Almost half (48%) of respondents in the UK offer some form of choice in employer-paid benefits, according to research by benefits consultants Mercer.
The European survey on employee choice in benefits, which polled 516 employers across 11 European countries, found that employer-paid benefit choice is the most common among respondents in the UK, followed by Sweden (44%), the Nordic countries (39%), Denmark (38%), the Netherlands (37%), Spain (35%) and Germany (28%).
The research found that employer-paid benefit choice is less common in France (13%), where legal and tax issues pose significant challenges, and in Italy (5%), where employee choice is in its infancy.
The research also found:
- Of all respondents who do not currently provide choice, 69% said they are looking to introduce some form of choice in the future, whether in the form of voluntary benefits, choice beyond voluntary benefits, or a fully comprehensive flexible benefits programme.
- Complexity of administration (39%) and cost (39%) were the most cited challenges for implementing an employee-choice programme.
- 36% of respondents with a comprehensive flexible benefits programme now outsource all aspects of administration, which is a substantial increase from the 2009 survey (22%).
- 58% of respondents cited remaining competitive in the marketplace as the most important reason for implementing employee-choice programmes, while 54% cited retaining current employees and improving employee engagement.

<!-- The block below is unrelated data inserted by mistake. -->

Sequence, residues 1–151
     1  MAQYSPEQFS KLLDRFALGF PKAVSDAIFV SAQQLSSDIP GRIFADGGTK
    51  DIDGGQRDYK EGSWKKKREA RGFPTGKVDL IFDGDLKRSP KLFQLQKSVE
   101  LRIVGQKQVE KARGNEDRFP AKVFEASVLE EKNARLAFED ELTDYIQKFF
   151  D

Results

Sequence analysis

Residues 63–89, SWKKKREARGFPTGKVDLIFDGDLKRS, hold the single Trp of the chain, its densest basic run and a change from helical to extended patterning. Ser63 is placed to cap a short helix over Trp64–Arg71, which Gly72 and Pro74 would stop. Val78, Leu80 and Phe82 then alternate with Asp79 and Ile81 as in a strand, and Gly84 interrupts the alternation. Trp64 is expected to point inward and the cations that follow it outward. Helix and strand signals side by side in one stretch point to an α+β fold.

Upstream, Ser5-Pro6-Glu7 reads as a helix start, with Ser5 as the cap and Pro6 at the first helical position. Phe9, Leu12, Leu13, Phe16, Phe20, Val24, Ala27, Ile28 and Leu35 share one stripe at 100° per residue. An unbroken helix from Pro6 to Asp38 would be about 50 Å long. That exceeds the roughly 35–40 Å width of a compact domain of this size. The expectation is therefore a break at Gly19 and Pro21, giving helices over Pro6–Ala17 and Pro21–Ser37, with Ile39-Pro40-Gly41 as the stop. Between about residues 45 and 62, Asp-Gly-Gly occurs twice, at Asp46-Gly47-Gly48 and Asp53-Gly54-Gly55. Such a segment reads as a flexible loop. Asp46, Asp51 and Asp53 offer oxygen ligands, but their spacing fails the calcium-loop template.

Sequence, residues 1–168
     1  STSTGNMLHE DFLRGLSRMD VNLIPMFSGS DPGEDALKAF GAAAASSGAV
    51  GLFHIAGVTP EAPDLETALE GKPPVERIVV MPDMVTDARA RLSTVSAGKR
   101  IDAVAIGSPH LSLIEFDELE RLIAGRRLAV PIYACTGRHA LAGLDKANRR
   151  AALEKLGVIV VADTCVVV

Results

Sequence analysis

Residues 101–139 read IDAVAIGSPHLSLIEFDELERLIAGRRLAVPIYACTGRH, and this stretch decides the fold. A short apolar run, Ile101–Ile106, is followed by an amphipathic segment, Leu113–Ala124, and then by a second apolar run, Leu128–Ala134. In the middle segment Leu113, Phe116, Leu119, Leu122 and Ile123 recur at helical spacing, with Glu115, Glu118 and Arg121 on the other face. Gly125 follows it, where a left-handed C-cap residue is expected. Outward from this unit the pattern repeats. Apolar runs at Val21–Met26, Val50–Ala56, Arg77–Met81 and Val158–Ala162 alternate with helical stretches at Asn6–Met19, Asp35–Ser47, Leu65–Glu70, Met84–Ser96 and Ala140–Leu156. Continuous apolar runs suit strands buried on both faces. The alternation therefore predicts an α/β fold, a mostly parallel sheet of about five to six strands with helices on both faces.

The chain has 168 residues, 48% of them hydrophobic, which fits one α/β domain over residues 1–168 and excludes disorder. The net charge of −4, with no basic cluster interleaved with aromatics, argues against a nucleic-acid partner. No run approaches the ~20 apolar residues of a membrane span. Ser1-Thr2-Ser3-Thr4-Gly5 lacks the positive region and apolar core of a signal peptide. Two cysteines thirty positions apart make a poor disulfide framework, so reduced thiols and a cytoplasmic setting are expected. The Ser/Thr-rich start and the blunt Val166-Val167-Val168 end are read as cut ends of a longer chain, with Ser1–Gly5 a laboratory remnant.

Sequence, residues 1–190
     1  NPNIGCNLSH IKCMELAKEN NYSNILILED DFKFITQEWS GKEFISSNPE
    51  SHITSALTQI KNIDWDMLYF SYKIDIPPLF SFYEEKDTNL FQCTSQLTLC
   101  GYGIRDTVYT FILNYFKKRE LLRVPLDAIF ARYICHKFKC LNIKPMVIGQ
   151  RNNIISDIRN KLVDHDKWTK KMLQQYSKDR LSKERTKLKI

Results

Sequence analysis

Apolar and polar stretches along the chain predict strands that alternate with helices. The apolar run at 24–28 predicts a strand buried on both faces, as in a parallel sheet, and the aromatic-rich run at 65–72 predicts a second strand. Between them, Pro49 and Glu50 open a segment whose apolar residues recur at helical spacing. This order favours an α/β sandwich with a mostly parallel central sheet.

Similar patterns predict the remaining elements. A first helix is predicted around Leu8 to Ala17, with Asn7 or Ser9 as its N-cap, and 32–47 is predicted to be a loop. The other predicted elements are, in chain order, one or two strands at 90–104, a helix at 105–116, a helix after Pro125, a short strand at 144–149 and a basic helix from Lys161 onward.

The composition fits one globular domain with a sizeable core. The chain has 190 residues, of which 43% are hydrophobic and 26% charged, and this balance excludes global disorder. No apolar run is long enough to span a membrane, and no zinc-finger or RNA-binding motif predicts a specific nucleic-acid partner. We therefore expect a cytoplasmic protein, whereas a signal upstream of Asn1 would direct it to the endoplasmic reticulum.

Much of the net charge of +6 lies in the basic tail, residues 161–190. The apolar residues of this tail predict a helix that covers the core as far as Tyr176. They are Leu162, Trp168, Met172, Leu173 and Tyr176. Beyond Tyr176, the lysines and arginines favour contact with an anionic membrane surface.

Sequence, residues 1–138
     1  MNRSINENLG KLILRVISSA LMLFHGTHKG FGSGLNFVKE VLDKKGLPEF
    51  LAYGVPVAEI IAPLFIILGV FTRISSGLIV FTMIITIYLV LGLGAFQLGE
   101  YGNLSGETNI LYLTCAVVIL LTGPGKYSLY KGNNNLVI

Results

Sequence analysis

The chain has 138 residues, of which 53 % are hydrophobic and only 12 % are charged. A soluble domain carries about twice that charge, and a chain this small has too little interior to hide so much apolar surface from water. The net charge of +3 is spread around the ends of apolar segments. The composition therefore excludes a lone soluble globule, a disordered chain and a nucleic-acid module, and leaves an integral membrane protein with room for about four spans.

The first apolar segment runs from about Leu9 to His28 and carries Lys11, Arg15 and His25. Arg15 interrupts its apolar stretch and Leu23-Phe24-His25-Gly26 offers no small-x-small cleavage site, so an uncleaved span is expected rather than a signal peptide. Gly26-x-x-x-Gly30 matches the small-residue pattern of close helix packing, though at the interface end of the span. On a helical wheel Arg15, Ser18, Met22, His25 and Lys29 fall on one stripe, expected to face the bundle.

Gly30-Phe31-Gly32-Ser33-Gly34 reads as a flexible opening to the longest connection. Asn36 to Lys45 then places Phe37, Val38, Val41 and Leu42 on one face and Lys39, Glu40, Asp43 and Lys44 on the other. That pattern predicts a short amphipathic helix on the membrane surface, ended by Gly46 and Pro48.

- 20% of respondents said their organisation is not ready for a global employee-choice strategy, down from 35% in the 2009 survey.
- 75% of respondents described the employee response to choice schemes as being largely positive, and 62% agreed that their employee choice programme has met their original objectives (62%).
Kim Honess, UK head of flexible benefits at Mercer, said: “As the flexible benefits market has grown, one of the major attractions has been the ability of employee-choice programmes to generate savings for the organisation while controlling the annual spend on benefits.
“There are a range of flexible benefits which attract no tax or national income contribution liabilities.
“Harmonising and standardising flexible benefits internationally can be a challenge when dealing with differences in customs, tax laws and other legislative factors.
“However, once established, a global strategy can aid employee engagement and benefits alignment, and, in an era where the global workforce is so fluid, an international flexible benefits scheme can bolster multinationals in the global war for talent.”
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Mercer will run workshops based on this research at the Employee Benefits Summit 2012